We camped in site 17 at Mustang Island. The campground, located just behind the dunes, is a large, rectangular paved parking lot with back in sites on two sides. There is a grassy area between most sites. Each site has water and electric, a shelter with picnic table, and a grill.  There was standing water in some of the sites after a big storm the night before. The water drained overnight and everything was fine the next day. The beach access is a short walk or drive from the campground. There is a large area on the beach with picnic shelters where no driving is allowed. Driving and parking is allowed on the beach on both sides of the beach picnic area.



Magnificent Endangered Whooping Cranes

Our main reason to visit Goose Island State Park was to see the endangered Whooping Cranes. They are the tallest birds in North America and stand nearly 5 feet tall with a wingspan of about 7.5 feet. Beginning in September or October each year, the cranes migrate south about 2,500 miles from Wood Buffalo National Park in Canada to Aransas National Wildlife Refuge about 35 miles north of the state park. After wintering in Texas, they begin their migration back north to Canada about mid March each year.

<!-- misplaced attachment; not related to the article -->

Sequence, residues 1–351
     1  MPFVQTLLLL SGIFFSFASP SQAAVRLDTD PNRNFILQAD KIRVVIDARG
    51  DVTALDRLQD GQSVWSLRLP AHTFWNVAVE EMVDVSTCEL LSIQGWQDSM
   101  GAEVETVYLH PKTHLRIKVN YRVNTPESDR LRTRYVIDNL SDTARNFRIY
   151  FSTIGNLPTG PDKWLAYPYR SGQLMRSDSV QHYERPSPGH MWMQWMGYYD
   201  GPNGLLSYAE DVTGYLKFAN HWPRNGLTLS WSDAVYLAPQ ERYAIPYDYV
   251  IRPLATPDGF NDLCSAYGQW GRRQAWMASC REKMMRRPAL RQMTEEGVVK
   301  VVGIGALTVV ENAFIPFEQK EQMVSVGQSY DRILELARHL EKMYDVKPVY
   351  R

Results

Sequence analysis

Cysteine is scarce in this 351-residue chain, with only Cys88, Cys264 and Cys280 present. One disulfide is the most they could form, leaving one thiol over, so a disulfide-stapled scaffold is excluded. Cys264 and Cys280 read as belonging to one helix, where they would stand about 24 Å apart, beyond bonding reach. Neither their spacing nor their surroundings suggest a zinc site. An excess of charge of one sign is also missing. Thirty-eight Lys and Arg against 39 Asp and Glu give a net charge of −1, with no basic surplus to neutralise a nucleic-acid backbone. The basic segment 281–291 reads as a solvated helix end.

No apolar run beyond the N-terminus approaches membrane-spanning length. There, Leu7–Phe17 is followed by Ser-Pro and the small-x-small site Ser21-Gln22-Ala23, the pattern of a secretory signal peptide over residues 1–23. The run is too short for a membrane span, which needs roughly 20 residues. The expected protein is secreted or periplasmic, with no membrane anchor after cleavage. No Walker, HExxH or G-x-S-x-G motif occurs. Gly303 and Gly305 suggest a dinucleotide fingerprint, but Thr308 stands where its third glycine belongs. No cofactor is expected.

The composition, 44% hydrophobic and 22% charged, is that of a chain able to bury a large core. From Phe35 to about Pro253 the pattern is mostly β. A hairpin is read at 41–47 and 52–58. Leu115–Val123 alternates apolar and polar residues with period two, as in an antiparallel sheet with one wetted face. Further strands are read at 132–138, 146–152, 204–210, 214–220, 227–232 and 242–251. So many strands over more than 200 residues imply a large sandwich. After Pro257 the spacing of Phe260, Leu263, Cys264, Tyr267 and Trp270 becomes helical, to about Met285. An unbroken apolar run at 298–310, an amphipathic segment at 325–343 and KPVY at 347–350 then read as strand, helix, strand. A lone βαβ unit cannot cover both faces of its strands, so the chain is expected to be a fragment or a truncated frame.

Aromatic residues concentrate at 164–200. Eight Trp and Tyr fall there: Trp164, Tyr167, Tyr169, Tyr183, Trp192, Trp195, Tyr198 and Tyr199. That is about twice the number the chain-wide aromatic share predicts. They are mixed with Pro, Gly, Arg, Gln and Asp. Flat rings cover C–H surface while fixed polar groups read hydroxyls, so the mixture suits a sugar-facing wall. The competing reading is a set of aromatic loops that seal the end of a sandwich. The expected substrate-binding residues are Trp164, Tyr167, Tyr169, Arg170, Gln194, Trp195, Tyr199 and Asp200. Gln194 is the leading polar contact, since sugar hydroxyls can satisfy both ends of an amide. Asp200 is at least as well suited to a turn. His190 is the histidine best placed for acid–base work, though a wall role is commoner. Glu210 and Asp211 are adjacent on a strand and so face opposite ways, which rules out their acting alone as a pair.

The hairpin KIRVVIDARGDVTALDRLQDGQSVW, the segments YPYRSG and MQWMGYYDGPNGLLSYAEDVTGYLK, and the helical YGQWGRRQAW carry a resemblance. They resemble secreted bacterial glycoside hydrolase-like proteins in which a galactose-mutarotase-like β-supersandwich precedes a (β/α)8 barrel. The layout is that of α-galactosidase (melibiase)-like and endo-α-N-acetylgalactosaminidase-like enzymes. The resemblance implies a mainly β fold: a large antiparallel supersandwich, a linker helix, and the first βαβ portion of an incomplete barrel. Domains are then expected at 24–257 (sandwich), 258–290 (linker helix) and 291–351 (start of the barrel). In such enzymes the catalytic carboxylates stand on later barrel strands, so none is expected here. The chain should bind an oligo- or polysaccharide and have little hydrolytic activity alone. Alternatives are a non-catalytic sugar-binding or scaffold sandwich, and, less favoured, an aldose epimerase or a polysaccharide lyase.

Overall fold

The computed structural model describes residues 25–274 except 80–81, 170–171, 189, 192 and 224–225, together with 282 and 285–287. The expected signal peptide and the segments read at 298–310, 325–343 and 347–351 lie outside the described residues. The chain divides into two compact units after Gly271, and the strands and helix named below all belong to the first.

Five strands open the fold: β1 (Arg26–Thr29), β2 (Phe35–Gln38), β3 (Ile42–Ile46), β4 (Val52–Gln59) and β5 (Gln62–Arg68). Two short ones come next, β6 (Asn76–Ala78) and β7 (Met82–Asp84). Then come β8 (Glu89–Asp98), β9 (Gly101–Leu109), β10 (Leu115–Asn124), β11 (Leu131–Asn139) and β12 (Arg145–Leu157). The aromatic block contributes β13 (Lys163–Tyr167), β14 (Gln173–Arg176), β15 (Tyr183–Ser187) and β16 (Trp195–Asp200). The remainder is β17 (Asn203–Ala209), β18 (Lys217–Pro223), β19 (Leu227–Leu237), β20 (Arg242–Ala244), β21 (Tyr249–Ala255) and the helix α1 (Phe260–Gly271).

In the 1940’s, the Whooping Crane population had dwindled to about 20 individuals. Today, according to the International Crane Foundation, there are about 599 (captive and wild). A survey conducted in 2013-2014 estimated about 300 of the wild population winter on and around the Aransas National Wildlife Refuge.

A few of these spectacular birds sometimes make their way to a farmer’s field near the state park. There they feed and hang out with the cattle. There were sometimes as many as 11 Whooping Cranes at one time scattered around the field. Many thanks to Ingrid over at Live Laugh RV for the heads up on where to see them.